Reflecting on the process of coming to agreement, which is the next ‘phase’ of our loose six part model of ‘typical’ events, brought me to remember how often tensions are raised in these sessions. The process of prioritising, selecting and re-prioritising, means some people will have to give way on ideas they value. It is also the key exit route from the ‘messy middle’ which is another way of visualising Sam Kaner’s ‘groan zone, which we described in our earlier post on this phase.

Keep Calm and Carry On

25/10 Crowd Sourcing is one of those creative methods from the Liberating Structures people, designed to both stimulate new thinking within a group – using a form of quick brainstorming - and help a consensus form about the most promising ideas. It’s a curious method, almost algorithmic in the way it tries to use a rapid process to bypass deeper reflection and questioning that can slow down, or interrupt a group’s convergence on what is common.

"First, every participant writes on an index card his or her bold idea and first step. Then people mill around and cards are passed from person to person to quickly review. When the bell rings, people stop passing cards and pair up to exchange thoughts on the cards in their hands. Then participants individually rate the idea/step on their card with a score of 1 to 5 (1 for low and 5 for high) and write it on the back of the card. When the bell rings, cards are passed around a second time until the bell rings and the scoring cycle repeats. This is done for a total of five scoring rounds. At the end of cycle five, participants add the five scores on the back of the last card they are holding. Finally, the ideas with the top ten scores are identified and shared with the whole group"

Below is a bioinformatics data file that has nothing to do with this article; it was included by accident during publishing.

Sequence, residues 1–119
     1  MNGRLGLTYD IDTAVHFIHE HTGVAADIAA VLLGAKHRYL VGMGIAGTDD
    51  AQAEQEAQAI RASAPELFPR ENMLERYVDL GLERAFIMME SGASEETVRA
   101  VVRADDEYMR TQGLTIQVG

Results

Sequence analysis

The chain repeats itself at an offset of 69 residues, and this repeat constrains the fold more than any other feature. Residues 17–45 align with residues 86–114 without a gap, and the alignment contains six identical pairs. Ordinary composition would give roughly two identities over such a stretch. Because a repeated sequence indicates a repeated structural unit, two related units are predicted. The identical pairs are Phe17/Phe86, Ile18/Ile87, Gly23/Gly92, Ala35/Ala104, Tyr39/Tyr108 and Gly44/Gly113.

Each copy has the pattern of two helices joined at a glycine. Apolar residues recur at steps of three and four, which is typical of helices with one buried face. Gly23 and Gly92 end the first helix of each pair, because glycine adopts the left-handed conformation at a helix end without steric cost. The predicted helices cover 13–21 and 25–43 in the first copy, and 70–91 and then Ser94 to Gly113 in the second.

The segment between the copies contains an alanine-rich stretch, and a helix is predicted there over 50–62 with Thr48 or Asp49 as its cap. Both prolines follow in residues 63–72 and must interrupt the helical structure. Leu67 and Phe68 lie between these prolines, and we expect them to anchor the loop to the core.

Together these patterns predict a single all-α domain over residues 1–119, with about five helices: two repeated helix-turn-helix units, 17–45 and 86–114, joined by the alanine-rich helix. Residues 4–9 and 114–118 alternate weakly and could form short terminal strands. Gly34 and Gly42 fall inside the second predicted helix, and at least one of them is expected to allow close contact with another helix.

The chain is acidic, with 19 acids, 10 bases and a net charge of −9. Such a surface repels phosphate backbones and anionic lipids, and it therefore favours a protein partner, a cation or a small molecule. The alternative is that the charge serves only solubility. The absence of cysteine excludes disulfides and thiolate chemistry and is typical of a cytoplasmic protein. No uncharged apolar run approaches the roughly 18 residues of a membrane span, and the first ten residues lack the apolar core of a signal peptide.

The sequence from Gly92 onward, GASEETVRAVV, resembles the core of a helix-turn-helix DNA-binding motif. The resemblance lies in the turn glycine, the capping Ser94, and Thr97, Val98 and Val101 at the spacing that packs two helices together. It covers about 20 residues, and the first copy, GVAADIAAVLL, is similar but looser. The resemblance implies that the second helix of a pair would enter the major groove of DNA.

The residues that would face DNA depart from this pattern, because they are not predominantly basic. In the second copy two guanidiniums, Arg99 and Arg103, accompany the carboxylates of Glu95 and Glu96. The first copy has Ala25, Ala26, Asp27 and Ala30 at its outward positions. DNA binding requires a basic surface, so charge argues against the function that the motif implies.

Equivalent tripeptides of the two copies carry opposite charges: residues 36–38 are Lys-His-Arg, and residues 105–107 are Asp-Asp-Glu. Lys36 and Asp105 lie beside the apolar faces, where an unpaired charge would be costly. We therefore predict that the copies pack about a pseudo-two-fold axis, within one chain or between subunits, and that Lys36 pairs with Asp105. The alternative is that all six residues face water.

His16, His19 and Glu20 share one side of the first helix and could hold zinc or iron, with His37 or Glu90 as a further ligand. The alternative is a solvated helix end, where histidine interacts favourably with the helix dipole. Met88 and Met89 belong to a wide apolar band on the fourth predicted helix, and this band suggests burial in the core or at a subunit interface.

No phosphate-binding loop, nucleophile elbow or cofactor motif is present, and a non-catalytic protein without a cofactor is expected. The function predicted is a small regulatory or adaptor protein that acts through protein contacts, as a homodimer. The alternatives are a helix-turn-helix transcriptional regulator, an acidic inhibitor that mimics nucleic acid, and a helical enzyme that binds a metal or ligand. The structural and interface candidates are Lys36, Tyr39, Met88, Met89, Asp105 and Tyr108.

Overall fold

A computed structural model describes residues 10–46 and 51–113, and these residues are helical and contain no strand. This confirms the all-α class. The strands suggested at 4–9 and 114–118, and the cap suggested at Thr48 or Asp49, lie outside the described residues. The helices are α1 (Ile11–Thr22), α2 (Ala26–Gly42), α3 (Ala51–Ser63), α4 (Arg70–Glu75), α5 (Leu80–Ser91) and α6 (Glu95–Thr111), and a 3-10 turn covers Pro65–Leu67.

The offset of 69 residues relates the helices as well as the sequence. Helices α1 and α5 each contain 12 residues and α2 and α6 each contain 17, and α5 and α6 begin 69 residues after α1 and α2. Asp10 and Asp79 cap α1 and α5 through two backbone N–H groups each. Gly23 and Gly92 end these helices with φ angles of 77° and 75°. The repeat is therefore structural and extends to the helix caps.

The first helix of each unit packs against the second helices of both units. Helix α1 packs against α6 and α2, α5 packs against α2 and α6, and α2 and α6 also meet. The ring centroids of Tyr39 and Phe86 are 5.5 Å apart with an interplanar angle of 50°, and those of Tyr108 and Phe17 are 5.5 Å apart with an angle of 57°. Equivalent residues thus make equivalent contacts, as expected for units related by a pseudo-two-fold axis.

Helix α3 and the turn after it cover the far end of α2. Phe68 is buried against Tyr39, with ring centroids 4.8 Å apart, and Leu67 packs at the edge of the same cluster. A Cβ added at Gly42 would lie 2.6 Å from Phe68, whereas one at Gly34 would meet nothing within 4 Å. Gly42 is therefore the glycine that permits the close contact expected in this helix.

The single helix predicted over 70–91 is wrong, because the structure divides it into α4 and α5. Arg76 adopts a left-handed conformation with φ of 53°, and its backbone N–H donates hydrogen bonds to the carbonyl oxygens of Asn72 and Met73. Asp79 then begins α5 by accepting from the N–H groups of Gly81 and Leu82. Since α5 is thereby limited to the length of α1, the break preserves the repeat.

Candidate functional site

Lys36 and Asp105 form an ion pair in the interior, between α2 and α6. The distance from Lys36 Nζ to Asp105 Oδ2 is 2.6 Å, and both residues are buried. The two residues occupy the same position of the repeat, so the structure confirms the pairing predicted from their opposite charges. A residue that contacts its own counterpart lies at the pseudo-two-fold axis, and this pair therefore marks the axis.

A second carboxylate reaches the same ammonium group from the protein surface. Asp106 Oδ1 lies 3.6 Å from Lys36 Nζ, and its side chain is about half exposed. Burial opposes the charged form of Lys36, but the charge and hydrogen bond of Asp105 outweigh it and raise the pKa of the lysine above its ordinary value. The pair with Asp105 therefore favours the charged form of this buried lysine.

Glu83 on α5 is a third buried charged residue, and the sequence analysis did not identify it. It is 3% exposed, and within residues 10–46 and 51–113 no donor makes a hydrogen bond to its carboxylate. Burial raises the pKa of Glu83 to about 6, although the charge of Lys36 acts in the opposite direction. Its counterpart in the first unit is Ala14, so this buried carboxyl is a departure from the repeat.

I’d had warnings from that ace facilitator, Ewen Le Borgne - about how easily the process can go wrong. Ewen’s response to most things is to laugh, which is a great way to deal with problems and stay in touch with other people in the room. The problem with the 25/10 method seems to be that the apparently straightforward sorting process is unusual: it’s mix of allowing people to talk about an idea, and then asking them to simply score the rest on a rapid appraisal. There is some movement too and music is meant to help. But when the process broke down during a large event we were working on last month, it suddenly made it all worse. There was too much noise and even more confusion about when the music should be on or off. So there we were, meant to be starting round two of the five scoring rounds and some of the ideas cards already had three or four scores on them. Uneasy looks, prickling of the skin: we had to laugh, and my first reaction – scratch out all the scores and start again – was quickly corrected by the group to the more logical and easier start the scoring again on the other side of the card. Dunh!